Imperial Valley Coalition for Sustainable Healthcare Facilities

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Found and Lost

The much anticipated Kaufman Hall Study finally arrived, albeit the summary only.  So what do we now know?  Just as a refresher, this Kaufman Hall study was commissioned by Preston Hollow, the bond holder for ECRMC in an effort to determine if merging the districts was feasible.  As such, it is a proprietary work product subject to Preston Hollow to authorize its release to the public. Additionally, this is why PMHD chose not to disclose proprietary information as Kaufman Hall’s work was done on behalf of ECRMC and ECRMC had not signed a letter of intent (LOI) as requested. 

Kaufman Hall’s Los Angeles office reviewed 2022 data pertaining to patient utilization, demographics and financial performance and made the following conclusions with a two scenario model based on the metric that measures “days of cash on hand”.  This metric is used as a determining factor for the sustainability of hospitals.  In order to achieve “long term sustainability”, maintaining 150 days of cash on hand is the standard.  For “short term sustainability”, 100 days of cash on hand is the standard.  You may remember we have focused on the cash on hand in prior articles.

  1. Long Term Sustainability: “Using a cash target of 150 days (cash on hand), the scenarios result in a gap of $8-10 million per year or $48-40 million over 5 years.”
  2. Short Term Sustainability: “Using a cash target of 100 days, results in a gap of $5 million per year in scenario 1 and no gap in scenario 2, or a gap of $23.1 to a gain of $8.4 million gain over 5 years.” 

This provides the data that is needed in order to know the economic impact of merging the two hospitals.   The purpose of the Kaufman Hall Study is to determine the economic feasibility of the potential merger.  However, this study is not able to provide that direction at the present time due to the following: 

  1.  The data will be two years old by the time the Hospital Districts are dissolved.  
  2. The data does not include healthcare impacts from Mexicali Valley or the Snowbird population
  3. The data does not include revenue and liabilities from Heffernan Memorial Healthcare District

The data reports slow population growth according to national standards and does include population projections due to Lithium Valley development.   Additionally, data from the Southern California Association of Governments (SCAG) provided projected population for Imperial County’s population which is approximately 180,000 and is expected to increase to 288,200 by 2035.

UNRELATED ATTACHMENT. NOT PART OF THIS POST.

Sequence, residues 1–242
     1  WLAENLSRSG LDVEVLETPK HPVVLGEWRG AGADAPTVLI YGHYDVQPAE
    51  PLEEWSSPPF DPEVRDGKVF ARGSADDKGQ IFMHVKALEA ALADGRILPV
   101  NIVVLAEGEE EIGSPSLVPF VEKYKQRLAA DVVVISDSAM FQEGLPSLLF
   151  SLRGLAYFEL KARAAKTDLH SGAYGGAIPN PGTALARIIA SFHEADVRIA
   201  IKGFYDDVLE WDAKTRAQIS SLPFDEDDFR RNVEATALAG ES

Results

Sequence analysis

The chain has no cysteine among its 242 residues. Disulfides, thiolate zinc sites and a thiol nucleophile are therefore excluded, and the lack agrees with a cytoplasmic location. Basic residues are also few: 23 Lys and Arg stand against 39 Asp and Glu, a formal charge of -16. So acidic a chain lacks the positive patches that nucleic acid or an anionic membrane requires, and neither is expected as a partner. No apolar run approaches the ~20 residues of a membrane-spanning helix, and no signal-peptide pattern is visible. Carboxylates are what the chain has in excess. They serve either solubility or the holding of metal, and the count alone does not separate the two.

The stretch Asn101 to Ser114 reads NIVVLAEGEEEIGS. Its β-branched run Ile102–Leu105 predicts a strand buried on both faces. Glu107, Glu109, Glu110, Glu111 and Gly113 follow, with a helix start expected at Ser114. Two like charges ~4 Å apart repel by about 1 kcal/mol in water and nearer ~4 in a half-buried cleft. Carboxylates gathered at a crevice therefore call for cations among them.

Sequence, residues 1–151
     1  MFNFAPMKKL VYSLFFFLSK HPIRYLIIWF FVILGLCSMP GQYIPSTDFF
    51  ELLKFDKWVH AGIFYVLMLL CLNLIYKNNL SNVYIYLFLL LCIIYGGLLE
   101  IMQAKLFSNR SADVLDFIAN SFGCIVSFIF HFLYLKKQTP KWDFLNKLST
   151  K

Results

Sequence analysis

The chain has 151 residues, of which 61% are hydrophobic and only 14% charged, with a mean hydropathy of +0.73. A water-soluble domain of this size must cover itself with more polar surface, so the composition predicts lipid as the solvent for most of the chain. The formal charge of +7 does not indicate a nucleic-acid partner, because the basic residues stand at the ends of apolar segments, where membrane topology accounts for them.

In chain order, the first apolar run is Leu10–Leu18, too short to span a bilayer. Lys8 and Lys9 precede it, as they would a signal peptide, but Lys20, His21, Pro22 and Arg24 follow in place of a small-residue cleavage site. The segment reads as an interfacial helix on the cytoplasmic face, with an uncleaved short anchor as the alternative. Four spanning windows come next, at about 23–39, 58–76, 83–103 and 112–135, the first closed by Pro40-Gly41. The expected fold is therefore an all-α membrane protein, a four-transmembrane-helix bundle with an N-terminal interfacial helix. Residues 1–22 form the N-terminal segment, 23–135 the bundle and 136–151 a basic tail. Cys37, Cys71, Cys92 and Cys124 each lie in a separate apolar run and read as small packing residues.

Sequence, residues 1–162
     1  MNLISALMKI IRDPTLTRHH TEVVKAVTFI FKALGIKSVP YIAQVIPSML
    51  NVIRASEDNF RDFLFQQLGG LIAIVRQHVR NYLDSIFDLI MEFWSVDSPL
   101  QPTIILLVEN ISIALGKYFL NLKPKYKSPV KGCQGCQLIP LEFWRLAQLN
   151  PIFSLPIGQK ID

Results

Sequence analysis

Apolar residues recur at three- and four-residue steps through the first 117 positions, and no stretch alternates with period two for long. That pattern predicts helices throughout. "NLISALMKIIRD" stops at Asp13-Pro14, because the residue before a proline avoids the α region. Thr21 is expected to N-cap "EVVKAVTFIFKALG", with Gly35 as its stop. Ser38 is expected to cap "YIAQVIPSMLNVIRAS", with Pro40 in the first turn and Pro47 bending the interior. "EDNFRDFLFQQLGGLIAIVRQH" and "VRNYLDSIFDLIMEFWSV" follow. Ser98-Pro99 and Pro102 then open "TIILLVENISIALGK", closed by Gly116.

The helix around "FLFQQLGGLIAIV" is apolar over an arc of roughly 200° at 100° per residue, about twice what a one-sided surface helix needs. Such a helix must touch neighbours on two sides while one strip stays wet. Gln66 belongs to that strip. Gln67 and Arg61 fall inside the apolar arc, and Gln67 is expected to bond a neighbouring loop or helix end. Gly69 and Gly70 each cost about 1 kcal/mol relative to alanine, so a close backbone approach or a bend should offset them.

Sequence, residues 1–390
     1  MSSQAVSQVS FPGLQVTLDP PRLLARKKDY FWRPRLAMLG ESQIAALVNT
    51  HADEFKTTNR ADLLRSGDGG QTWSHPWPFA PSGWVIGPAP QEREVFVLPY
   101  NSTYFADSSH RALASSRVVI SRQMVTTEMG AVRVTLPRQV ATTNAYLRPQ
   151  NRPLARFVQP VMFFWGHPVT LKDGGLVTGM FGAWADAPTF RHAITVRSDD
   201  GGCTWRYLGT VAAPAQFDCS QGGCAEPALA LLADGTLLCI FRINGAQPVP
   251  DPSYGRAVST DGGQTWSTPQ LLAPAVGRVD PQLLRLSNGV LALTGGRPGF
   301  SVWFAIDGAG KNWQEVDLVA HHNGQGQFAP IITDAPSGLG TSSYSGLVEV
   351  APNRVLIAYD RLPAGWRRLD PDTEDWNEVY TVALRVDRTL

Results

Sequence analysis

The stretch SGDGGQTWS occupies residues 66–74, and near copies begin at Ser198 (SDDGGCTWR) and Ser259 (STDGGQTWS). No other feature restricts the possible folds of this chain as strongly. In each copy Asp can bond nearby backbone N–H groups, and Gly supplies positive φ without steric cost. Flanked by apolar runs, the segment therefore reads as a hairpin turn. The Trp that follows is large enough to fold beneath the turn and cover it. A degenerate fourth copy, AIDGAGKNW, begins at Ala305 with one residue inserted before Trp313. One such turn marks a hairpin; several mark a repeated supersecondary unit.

• The data includes many assumptions on future performance of UCSD synergies, reduction of outmigration to out of county hospitals, and the financial impact of merging the districts.  These are unknowns and cannot be quantified.  
  • The report does not recommend any funding source to close the gaps.
  • The report does not take a position on financial feasibility.

In light of the fact that we now have two incomplete financial feasibility studies, the next logical question what data can the IVHD rely on to make their determinations and begin Merger and Acquisition discussions with ECRMC?  They have the additional complication of limited time due to the unrealistic deadlines established in AB918.  However, the IVHD proposed to acquire the Kaufman Hall study from Preston Hollow and commission Kaufman Hall to update and expand their data. Given the proprietary information is properly protected with non-disclosure agreements, this could be a positive development in getting IVHD the information they need to conduct the work they have been tasked to complete.  During the previous IVHD meeting, it was suggested that an independent financial feasibility study should be done which has the benefit of no affiliations, allegiances or bias with either hospital or district.  This should still be on the table for consideration.  However, the wolf at the door is time.  Getting a new analytical provider on board to complete a new study would create conflicts with the deadlines.  My team concern is and has always been, developing policy according to these deadlines is a recipe for disaster.  Rushing and cutting corners inevitably leads to mistakes and missteps.  Assemblyman Garcia’s and Senator Padilla’s continual opposition to modify these deadlines, is unconscionable and creates unnecessary barriers for the IVHD board.  

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